The stories are almost too much to bear.
“We lost a girl on the color guard,” says Alyssa Kramer, a 16-year-old junior at Marjory Stoneman Douglas High School. “All she did was go to school that day and we didn’t get to see her go home.”
The message now for the Parkland community is that don’t have to bear it alone.
Thursday’s prayer vigil at Parkridge Church was a chance for survivors and their supporters to reflect on what they’ve lost while embracing what they’ve gained - an entire community standing by their side.
Sara Florio, a 17-year-old student at Calvary Christian Academy, was at Parkridge Thursday in support of the school.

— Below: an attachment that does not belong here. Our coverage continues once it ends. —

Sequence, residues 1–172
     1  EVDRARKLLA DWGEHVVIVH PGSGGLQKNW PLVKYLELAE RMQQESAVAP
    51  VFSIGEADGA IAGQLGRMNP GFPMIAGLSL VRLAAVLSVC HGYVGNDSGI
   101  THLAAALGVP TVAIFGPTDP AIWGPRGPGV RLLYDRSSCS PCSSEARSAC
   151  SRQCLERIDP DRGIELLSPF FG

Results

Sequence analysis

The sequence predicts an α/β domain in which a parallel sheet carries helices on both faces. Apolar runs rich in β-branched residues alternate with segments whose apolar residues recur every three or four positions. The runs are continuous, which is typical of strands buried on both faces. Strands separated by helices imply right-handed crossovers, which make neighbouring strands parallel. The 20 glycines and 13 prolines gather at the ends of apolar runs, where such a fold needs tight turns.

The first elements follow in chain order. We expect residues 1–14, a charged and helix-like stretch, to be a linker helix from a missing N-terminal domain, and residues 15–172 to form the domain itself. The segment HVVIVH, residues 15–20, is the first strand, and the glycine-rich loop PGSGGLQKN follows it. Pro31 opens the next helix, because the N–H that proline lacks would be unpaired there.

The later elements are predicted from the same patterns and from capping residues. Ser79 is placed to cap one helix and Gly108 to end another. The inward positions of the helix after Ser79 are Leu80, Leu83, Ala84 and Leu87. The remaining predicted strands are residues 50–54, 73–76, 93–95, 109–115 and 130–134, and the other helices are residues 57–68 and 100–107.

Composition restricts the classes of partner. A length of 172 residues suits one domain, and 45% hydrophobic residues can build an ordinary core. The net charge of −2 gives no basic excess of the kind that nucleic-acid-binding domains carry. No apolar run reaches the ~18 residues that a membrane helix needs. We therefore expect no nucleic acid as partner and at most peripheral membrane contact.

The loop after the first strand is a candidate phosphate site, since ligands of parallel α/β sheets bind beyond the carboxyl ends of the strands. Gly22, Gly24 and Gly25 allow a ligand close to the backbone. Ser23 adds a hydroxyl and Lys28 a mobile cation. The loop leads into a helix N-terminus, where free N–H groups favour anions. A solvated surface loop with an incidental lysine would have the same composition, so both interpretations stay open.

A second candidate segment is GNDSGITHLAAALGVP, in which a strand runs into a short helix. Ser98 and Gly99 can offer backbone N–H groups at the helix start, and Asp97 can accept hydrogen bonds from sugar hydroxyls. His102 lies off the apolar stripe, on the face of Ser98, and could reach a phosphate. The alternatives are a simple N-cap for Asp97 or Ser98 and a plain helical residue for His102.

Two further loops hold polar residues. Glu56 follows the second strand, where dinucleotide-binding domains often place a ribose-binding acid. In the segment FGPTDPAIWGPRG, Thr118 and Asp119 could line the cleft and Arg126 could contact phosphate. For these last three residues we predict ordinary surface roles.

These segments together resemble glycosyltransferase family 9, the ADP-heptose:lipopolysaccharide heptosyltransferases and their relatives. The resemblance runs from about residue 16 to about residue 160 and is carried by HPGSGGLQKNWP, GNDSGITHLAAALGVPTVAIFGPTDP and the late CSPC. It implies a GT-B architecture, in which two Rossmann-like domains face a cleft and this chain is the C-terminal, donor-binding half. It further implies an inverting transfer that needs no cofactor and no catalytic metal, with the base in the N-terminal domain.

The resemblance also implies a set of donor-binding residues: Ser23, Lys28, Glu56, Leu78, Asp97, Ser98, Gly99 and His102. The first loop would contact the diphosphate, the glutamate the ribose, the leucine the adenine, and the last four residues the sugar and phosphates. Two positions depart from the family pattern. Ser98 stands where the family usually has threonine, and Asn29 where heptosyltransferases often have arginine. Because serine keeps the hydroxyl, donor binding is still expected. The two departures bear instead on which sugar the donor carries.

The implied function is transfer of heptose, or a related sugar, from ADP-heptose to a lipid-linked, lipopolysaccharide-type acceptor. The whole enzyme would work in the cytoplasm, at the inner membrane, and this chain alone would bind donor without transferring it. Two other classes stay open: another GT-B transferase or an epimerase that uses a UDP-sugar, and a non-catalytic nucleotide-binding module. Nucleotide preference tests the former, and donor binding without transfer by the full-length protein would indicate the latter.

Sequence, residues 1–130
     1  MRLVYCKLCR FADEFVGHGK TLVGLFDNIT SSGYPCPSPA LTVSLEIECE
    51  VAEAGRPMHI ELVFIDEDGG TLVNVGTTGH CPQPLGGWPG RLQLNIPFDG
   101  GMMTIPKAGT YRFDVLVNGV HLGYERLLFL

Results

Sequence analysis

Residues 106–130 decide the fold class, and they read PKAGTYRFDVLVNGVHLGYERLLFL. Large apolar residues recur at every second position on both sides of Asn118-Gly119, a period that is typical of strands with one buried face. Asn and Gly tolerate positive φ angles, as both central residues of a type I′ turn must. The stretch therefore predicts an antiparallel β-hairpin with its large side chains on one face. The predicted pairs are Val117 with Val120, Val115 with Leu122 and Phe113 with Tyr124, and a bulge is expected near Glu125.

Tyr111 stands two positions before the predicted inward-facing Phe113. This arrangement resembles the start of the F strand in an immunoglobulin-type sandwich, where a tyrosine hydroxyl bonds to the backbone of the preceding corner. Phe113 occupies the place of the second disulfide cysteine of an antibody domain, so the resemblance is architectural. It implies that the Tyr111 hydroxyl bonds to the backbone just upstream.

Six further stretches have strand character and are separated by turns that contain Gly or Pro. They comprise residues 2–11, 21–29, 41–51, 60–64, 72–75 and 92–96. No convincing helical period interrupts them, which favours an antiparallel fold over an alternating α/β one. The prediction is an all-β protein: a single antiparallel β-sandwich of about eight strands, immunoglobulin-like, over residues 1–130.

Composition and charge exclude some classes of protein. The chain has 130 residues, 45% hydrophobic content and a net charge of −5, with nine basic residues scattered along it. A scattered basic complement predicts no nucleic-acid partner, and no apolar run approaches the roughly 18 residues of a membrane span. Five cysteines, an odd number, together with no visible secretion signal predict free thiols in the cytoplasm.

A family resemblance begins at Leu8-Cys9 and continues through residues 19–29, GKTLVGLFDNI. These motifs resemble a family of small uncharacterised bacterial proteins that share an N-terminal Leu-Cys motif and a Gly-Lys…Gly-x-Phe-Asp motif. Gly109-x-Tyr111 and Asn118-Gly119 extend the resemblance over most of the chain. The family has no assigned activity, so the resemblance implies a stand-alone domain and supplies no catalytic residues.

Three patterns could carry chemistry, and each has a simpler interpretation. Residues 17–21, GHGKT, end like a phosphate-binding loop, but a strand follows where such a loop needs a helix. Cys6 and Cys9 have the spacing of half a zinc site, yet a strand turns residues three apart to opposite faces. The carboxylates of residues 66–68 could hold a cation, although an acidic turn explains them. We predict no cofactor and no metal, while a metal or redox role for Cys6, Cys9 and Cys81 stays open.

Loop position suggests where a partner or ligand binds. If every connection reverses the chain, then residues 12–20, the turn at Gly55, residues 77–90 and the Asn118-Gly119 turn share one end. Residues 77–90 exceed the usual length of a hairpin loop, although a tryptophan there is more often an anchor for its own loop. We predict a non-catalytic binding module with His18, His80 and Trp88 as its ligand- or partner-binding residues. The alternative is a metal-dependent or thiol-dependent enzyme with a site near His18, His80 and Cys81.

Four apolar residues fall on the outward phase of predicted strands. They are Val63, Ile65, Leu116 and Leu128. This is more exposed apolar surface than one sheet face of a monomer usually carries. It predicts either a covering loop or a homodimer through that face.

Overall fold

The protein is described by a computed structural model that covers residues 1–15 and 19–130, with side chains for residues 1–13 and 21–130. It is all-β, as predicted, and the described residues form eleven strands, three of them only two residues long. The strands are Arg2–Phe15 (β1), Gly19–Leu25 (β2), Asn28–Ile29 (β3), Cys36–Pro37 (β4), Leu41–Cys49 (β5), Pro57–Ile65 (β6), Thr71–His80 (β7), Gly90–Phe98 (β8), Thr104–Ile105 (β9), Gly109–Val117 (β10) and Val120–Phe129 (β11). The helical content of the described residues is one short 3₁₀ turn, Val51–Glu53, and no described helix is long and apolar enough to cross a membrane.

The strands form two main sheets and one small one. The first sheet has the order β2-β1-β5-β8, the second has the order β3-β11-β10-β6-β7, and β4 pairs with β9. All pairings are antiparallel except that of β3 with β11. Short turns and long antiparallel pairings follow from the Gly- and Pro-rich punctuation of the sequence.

“It’ll take just take a lot of love, and if we love each other then we can try to prevent that from happening again.”
It’ll take lots of love, but some also say we need lots of action on the part of our policy makers as well.
For parents whose kids were just feet from death, they’re worried we’ll be stuck with the status quo.
“I think unless the two sides come together and come up with a real plan that enables those to have their guns and enable us to be safe from those guns… I don’t know if we can do that unless we become one group, one team, one entity,” one mom told NewsChannel 5.
It remains to be seen if that unity happens in Washington, D.C.
For now, unity is on full display in Parkland.
Neighbors are relying on neighbors, hoping one day things will change.